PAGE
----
Positive or Passive?

Text handwritten with white chalk on a blackboard.

TO HAVE A positive orientation and attitude is to be a constructive member in your society. Social positivity is necessary for a healthy community as it indicates the willingness of its members to take part in guiding and building their communal life, as well as in safeguarding it against wrong practices.

Accordingly, Islam urges its followers to be positive—not passive—members in their community. The Quran, after vowing that humankind is in [a condition of utter] loss [Sûrat Al-¢Aṣr, 103:2], made exception for those who believe and do righteous deeds and exhort one another to [uphold] the truth, and exhort one another to [persevere in faith with] patience [Sûrat Al-¢Asr, 103:3]. Such exhortation to uphold the truth is the manifestation of their positivity.

The Islamic principle of enjoining what is right and forbidding what is wrong lays the foundation of such social positivity. Allah (exalted is He) said:

So let there be of you one [united] community calling to all that is good and enjoining what is right and forbidding what is wrong. And it is these who are the [truly] successful. [Sûrat Âl ¢Imrân, 3:104]

This is an injunction to have a positive attitude toward communal events.

Passivity allows wrong to spread and expand. The Messenger of Allah œ said:

He who sees an evil [taking place] let him change it with his hand. If he cannot, let this be with his tongue and if still he cannot, let it be with his heart; and this is the least level of faith.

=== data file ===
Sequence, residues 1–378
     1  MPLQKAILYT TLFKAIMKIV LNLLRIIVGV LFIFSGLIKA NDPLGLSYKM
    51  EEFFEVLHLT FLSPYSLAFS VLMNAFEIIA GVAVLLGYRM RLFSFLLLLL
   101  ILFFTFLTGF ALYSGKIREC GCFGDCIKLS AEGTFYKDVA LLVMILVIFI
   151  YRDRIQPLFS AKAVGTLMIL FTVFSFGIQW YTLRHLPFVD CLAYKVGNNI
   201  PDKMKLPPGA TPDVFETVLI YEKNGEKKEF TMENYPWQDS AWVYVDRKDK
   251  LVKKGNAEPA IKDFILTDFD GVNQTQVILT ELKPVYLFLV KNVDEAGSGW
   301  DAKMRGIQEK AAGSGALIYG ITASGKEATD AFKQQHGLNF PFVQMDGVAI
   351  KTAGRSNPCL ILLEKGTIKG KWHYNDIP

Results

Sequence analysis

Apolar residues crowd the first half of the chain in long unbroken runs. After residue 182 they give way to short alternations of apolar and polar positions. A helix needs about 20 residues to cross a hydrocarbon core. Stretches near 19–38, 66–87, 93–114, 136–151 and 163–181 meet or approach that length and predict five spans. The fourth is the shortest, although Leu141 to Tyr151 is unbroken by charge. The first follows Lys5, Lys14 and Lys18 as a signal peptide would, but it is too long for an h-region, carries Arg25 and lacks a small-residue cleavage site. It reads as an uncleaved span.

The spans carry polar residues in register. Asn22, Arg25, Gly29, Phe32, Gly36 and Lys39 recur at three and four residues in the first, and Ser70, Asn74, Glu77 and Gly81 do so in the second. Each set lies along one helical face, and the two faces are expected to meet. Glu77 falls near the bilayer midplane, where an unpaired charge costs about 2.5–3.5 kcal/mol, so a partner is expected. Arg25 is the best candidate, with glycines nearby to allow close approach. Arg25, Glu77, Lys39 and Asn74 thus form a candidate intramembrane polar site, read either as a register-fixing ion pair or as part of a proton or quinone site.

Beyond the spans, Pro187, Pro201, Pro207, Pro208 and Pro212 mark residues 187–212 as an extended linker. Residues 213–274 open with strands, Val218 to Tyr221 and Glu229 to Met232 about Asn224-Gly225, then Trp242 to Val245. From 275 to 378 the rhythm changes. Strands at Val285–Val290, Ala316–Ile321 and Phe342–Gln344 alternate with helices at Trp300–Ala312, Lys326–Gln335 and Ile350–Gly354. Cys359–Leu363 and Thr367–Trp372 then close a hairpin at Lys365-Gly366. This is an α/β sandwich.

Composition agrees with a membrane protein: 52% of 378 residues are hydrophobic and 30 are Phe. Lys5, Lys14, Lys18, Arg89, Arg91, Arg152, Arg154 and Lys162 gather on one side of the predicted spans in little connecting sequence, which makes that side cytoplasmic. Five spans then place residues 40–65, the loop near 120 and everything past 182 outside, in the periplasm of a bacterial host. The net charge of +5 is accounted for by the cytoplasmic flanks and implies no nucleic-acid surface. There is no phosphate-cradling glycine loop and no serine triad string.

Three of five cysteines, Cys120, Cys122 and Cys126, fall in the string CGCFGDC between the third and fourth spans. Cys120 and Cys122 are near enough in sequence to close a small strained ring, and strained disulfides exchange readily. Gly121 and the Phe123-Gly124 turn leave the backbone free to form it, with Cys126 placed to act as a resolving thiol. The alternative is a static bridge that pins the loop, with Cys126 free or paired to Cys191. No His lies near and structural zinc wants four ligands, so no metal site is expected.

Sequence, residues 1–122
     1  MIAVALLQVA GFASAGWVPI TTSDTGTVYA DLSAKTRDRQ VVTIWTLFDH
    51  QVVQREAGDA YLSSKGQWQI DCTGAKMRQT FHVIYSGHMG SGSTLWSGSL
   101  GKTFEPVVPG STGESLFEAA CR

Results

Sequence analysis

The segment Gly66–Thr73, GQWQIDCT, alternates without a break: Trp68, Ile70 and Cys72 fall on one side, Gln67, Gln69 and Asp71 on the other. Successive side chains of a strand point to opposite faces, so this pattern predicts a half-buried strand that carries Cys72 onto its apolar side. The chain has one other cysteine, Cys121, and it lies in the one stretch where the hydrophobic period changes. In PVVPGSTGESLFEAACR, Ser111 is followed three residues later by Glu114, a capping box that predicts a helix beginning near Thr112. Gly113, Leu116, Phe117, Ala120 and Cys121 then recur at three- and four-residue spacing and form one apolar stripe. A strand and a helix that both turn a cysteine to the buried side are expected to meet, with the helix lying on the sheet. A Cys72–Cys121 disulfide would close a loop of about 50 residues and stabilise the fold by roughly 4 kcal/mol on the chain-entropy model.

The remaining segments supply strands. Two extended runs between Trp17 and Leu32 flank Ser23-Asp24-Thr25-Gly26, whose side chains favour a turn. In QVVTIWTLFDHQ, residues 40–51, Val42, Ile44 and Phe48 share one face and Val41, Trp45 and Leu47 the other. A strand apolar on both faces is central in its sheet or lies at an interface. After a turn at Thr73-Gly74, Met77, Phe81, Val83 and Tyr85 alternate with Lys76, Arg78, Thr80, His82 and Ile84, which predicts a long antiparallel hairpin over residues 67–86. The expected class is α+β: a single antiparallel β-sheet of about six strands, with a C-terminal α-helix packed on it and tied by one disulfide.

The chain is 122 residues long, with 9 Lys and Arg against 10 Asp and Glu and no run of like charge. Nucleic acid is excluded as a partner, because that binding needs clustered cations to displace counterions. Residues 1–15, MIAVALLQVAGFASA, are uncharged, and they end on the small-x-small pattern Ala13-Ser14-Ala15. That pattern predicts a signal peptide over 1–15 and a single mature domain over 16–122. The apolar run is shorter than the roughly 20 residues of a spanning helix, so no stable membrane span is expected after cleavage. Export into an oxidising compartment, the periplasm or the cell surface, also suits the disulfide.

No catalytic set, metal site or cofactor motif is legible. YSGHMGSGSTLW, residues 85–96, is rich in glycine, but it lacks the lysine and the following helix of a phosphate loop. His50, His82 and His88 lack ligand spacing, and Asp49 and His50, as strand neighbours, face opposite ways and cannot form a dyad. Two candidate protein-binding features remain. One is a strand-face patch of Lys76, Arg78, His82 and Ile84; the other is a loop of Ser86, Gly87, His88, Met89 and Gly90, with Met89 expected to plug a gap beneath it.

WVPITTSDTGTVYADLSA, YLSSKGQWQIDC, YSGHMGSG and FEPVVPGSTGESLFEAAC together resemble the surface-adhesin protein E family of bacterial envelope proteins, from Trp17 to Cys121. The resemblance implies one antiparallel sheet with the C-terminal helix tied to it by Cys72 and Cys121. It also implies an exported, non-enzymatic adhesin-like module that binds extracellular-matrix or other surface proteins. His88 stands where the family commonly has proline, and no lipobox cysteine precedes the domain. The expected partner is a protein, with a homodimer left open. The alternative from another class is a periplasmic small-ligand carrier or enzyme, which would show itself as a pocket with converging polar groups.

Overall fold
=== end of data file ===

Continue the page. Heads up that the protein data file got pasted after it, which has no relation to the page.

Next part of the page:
The adîth teaches how wise a Muslim should be when assessing a situation in order to decide the suitable position he/she should take. In any case, however, the hadith enjoins taking a positive stance. For even the “least level”– which is to renounce the wrong with one’s heart–is actually a positive attitude; because such inner renouncement keeps one’s heart on guard against evil and ever ready to change it when possible. If one does not have such feeling inside, he/she will soon get used to wrong practices and gradually they will appear no longer wrong to him/her.

The Children of Israel were cursed in the Quran for their passive attitude toward wrong practices that took place in their community. Allah, (exalted is He) said:

Cursed by the tongue of David and Jesus, son of Mary, were those who disbelieved of the Children of Israel. That is because they disobeyed [God] and [persistently] transgressed [His covenant]. They used not to forbid one another from any wrongdoing they did. Truly woeful is what they have been doing! [Sûrat Al-Mâ’idah, 5:78-79]

On the other hand, the Quran has provided a variety of exemplary models for taking positive attitudes even when it is dangerous to do so. In Sûrat Yâ Sîn, the Quran recounts the story of a townspeople who belied the messengers sent by Allah to them and even threatened to punish them. Then, in this dismaying scene, there appeared a man from among these people who decided take action. The man, who believed in Allah, felt sorrowful for his people as he knew the disastrous consequences of their disbelief. Hence, he came rushing from the furthest part of the city [Sûrat Yâ Sîn 36:20] and kept admonishing, arguing with and forewarning his people until they killed him. He could have secluded himself in an isolated place and left them to their fatal destiny; but he sacrificed his life for defending the truth and in his attempt to save his people. Even after his death at their hands, the Quran records his amazing attitude: